Holling Clancy Holling “was best known for his geo-historical-fiction volumes for children, believed that children’s literature should be both entertaining and instructive and therefore filled his adventuresome tales with well-researched historical and scientific data.” Who was this writer, artist and naturalist who remains popular sixty years after his books were published? Holling Clancy Holling was a giant of children’s literature who will long be remembered by children of ALL ages.
It may be worth repeating that Holling’s name was the first thing that captured me as a child reader. Who on earth has the same first name as his surname? Further, Holling Clancy Holling has the strange beauty of a harsh Irish name bookended by two action words, or gerunds.
Will Holling’s books someday be looked at as a memory of nature in the past tense? And can he still serve as the voice of conservation of a land that holds so much wonder and meaning? We hope so.
First sold in 1908, Kitchen Klenzer is an example of an early packaged product whose illustrated label, in attempting to depict the product “in use,” wound up creating a recursive “Droste Effect.” (Named after Droste cocoa, which was packaged in a similarly recursive illustrated container.) It was sold largely through newspaper advertising, and here is where Holling’s Circus promoted the product.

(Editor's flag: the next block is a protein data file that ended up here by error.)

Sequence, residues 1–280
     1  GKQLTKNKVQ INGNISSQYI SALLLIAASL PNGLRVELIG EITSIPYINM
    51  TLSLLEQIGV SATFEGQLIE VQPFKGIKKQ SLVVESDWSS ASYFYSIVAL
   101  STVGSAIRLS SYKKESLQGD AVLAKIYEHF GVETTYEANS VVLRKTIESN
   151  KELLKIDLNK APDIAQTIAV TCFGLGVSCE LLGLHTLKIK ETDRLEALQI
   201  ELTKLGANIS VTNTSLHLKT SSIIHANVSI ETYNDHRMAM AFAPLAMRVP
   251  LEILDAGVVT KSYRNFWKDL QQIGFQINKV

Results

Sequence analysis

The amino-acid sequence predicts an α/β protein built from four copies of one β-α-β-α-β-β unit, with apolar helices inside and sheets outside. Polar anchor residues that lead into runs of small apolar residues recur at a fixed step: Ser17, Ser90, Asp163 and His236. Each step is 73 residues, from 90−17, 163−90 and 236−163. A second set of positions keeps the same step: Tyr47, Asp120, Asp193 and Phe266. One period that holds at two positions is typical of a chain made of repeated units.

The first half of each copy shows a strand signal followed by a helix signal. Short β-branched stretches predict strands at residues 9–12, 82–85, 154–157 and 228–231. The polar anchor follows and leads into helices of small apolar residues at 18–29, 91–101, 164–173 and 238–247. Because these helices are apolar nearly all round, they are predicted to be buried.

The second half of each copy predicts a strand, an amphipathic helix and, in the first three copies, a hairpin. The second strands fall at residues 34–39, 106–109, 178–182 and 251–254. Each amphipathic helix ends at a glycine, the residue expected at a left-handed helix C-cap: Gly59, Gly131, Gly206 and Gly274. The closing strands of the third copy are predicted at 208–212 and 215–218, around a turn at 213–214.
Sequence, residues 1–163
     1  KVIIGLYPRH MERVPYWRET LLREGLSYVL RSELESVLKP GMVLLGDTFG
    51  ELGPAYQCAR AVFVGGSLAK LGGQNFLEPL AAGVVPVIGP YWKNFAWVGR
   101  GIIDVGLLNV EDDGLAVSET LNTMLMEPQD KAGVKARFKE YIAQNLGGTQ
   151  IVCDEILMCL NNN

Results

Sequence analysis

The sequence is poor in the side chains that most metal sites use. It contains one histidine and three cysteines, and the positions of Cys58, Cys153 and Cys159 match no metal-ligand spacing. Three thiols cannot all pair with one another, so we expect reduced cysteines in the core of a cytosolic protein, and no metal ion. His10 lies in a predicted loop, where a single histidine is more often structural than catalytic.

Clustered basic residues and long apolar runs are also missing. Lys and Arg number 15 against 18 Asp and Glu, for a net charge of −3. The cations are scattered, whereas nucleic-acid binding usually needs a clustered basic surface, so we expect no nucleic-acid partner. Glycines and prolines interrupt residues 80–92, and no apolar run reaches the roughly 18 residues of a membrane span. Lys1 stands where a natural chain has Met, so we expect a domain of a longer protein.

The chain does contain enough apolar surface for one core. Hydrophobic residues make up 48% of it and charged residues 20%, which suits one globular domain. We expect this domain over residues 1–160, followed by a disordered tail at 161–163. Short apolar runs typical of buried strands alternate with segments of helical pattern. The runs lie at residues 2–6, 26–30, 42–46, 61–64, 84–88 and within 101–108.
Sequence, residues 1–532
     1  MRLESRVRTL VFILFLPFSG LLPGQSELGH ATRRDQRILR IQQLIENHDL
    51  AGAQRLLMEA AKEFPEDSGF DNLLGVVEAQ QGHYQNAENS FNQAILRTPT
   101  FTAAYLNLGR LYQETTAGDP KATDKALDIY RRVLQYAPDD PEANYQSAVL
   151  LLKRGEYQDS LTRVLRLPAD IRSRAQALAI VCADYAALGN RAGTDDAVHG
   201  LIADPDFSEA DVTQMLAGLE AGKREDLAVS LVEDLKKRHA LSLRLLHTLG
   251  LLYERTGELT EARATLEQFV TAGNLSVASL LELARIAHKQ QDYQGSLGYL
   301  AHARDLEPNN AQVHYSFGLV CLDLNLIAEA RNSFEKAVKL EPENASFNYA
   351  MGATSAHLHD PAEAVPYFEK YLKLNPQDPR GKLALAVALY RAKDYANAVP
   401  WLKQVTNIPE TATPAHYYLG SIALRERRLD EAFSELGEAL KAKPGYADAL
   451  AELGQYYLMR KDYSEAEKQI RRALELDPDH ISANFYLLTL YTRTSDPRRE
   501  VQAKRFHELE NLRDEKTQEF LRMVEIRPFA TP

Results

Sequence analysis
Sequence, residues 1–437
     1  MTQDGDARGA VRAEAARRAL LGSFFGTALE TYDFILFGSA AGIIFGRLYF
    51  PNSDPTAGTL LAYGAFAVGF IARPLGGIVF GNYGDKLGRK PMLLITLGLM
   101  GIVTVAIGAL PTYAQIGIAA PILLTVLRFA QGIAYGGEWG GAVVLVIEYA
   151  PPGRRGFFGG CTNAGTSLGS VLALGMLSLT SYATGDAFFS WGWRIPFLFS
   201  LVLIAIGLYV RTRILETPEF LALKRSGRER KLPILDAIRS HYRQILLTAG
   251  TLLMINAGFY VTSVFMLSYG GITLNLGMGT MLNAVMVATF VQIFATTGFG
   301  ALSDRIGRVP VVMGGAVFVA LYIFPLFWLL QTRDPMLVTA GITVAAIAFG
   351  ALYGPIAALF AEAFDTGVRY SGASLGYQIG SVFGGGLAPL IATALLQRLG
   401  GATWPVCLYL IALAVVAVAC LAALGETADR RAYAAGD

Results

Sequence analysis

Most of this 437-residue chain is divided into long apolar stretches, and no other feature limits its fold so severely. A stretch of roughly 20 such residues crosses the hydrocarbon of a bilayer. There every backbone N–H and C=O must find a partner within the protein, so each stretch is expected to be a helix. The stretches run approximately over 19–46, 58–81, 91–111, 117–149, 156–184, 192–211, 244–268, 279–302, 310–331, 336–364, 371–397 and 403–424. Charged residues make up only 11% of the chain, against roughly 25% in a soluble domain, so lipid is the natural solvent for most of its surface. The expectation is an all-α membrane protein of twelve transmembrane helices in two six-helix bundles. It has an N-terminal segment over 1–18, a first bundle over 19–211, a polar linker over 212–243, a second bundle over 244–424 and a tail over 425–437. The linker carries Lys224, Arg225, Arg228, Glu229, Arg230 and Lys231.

Joan sent me a note recently, saying, “Thanks for steering this lady to us. I put together the Kitchen Klenzer Circus elephant and camel this week and they now reside in the museum. She had the camel, zebra, and lion cutouts. Although she didn't have the elephant, for some reason there were two elephant blankets in the estate package she bought. She also had the display box. She walked in to the museum a week ago Thursday and gave it all to us. It was unbelievable.”
Little stories like this, where pieces of paper and advertising ephemera find a permanent home, make me happy. Small events can make a difference.